So this is a picture of an open-spaced field hockey field.
Now picture, it half the size and with walls...now, imagine, Team B has no goalie and is defending the goal without pads. Girl A on Team A is hungry to score and sprinting with her elbow out, as she should, to carry the ball. Now, the defensive person (Girl B) does not want this ball in the cage...so she charges at Girl A to steal the ball. However, the elbow of Girl A collides with the ribs of Girl B (me) which then forces Girl B to slam against the wall and get the wind knocked out...
FYI - Girl B did get the ball and Team B did win!!!!
So, after last year's plantar fascitis (bad shoes - Newton's to be exact - but another topic for another day) followed by tendonitis in my thumb (field hockey) and this season's bursitis in my shoulder (possible hand paddles), a sprained ankle (running in the dark on a wet street) and now a bruised rib, I am hoping the injuries ceese at least for a while??
I think I have a pretty good disposition all things considered. I learned a lot, especially how to train differently and what to do while an injury has occurred. I am not one to sit around, I just end up watching too much TV and wasting my time. I am also by nature a researcher and must investigate what the problem is and how to solve it using multiple pieces of information, analyzing the information and developing conclusions and recommendations...for myself.
With the bruised ribs, you don't realize but this area is something that can inhibit you doing ANYTHING!!!
The ribs have two main jobs:
1. They protect the organs in your chest - i.e. your lungs and heart!
2. They help you breathe by keeping space open inside your chest while the muscles you use to breathe equeeze in, or contract. This leaves plenty of open space for your lungs to fill up with air.
The muscles used when you breathe pull on the ribs; hence the difficulty triathlon training - you know since it requires an increase heart rate and using this area of your body to swim, bike and run.
I just want to start off by saying there is limited information except a few forums on what you can/can't do. Doctors are not trained in this area which means most don't know what to tell you except "just rest...". GRRR...
Here is what I learned:
1. In the beginning (first 48 hours) the best thing to do is to apply ice and take Advil/Motrin as an anti-inflammatory. Moist heat is good after that.
2. If it is on one side of your body for example the left, you may initially think "I shouldn't sleep on that side, it is too much pressure." WRONG - if you sleep on that side it will let you take deeper breaths. Interesting...
3. Breathing exercises - take a deep breath, hold it, breathe out. Do this 10 times and then cough. This is an exercise for your lungs. Did you know if you don't do this and are using shallow breaths you do could end up getting pneumonia or a partial collapse of the lung tissue.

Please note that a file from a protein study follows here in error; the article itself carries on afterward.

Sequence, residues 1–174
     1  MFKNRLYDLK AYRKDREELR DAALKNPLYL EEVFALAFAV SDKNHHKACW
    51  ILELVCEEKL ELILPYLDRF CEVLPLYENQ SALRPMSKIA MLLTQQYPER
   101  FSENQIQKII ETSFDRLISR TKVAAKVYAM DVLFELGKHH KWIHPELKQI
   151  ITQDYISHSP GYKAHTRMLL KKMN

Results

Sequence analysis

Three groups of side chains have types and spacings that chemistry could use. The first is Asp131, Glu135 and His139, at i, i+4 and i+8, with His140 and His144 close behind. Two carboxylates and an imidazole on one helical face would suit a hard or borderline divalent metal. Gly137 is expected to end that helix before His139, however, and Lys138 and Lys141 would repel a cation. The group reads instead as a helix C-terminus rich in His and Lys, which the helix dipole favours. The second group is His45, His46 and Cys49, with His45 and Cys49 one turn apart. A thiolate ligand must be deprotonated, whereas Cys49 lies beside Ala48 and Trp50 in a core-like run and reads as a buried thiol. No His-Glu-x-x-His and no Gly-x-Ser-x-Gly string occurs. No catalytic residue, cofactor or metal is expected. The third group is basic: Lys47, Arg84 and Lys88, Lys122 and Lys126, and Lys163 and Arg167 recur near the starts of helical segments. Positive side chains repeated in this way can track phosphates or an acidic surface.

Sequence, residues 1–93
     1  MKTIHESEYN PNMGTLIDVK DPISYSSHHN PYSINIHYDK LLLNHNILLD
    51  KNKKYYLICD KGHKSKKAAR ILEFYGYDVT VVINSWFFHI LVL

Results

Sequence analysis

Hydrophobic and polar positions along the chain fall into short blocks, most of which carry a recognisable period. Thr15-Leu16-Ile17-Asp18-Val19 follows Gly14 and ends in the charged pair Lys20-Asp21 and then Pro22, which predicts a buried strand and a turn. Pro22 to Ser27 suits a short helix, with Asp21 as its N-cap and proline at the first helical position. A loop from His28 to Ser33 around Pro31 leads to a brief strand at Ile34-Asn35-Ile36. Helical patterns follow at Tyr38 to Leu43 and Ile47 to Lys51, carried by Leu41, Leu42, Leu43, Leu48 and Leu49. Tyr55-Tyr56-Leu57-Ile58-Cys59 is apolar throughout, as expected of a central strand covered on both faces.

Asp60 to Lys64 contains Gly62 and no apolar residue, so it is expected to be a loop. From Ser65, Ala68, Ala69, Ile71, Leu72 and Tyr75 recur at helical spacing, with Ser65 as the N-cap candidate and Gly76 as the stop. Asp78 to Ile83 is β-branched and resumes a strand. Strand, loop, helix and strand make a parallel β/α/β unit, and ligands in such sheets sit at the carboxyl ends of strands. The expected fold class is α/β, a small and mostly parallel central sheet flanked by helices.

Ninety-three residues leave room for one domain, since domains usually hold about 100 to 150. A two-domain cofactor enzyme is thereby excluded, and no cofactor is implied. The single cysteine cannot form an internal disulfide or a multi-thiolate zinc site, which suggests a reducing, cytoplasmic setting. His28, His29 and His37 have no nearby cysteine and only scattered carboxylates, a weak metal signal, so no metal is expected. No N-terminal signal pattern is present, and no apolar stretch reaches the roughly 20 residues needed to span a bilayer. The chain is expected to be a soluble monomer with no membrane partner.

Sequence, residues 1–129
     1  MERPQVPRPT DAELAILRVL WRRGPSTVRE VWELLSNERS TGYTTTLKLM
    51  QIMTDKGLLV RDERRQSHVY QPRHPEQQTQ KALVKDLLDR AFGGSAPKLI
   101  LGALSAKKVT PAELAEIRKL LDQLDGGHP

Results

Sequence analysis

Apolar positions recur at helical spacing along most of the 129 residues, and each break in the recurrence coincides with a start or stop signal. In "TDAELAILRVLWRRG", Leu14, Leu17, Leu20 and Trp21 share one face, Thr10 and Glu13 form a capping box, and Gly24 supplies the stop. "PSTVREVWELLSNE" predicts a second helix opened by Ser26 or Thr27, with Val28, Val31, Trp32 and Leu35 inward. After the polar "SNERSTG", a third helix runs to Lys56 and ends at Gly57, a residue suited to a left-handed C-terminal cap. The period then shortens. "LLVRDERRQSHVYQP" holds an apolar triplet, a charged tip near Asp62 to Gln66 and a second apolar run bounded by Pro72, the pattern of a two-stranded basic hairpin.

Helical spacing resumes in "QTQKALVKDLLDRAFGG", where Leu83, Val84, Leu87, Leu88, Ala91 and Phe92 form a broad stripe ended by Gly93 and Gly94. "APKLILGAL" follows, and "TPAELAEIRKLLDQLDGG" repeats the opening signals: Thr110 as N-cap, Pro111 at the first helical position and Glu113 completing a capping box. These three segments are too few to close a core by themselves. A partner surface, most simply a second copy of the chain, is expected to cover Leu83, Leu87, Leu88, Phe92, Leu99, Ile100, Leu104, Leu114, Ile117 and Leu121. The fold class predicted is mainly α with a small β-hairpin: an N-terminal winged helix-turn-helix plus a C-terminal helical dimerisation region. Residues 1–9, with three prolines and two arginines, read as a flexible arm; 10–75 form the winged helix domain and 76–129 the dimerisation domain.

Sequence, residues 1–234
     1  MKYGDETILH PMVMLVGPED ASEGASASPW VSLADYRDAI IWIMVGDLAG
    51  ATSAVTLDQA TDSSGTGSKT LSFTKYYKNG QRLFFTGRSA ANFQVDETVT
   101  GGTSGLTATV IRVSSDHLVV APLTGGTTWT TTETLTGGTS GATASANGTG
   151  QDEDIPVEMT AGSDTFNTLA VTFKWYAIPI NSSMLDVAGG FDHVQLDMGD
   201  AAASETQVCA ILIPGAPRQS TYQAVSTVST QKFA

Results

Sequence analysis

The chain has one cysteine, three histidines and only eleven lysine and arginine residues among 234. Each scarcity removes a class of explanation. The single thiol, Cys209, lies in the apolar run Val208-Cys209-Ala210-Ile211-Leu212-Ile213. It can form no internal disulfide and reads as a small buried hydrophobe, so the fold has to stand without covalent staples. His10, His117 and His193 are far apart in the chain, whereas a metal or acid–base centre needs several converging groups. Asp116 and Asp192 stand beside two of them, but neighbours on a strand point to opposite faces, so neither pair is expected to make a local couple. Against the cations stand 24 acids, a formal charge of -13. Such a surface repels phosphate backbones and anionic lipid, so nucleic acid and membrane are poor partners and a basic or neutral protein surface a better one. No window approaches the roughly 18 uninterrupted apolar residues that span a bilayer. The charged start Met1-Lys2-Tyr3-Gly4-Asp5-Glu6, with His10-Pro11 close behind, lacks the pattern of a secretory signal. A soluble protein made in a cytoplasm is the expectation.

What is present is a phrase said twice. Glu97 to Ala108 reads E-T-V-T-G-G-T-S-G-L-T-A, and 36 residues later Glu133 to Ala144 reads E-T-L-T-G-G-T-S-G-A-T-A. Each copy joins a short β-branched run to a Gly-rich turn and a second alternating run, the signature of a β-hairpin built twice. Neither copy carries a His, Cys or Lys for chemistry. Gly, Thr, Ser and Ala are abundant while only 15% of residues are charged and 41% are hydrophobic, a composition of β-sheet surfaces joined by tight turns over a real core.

4. Day 1-6 is pretty much a wash in terms of physical activity. I found walking the dog for about 2 miles was the extent of it.
5. Day 7-9 things start feeling a "little" better, cycling on the trainer or cycling on the recumbent or upright bike works well. Keep your heart rate down if you can't breathe real deep yet.
6. Day 10-12 - I was at the point to get into proper position on my bike. This was good, I even got in my aero position. I was doing 40-50 minutes (1 TV progra)
7. Day 13 - I started out to do a slow 3 mile run. I ended up with a 10min/mile pace for 5 miles. The key was to be very consistent. Don't speed up when you see someone pass you even if that hurts more than the bruised rib. I kept my perceived exertion at a 6. I felt sooo good.
8. Day 16- Tried swimming, that may take some more time. So since I had some fins, I did 800 meters of kicking drills and some elementary backstroke.
9. Another learning came out of the running. I was surprised that I was able to have such an easy time running 5 miles when I haven't run in over a month and half due to the sprained ankle. I truly believe this was from the indoor bike training. During the last three injuries, I have developed a new appreciation for the indoor trainer as this was the one thing consistent in my life. I have learned, used properly, you can still maintain your physical fitness and resume "normal" activity.
10. Go to the doctors. Get an X-ray. They can't do anything whether it is bruised or broken, but at least you will have a general idea while planning your season. Bruises are 4-6 weeks to heal and broken ribs take about 6-8 weeks. Isn't it better to know how you are going to plan your season?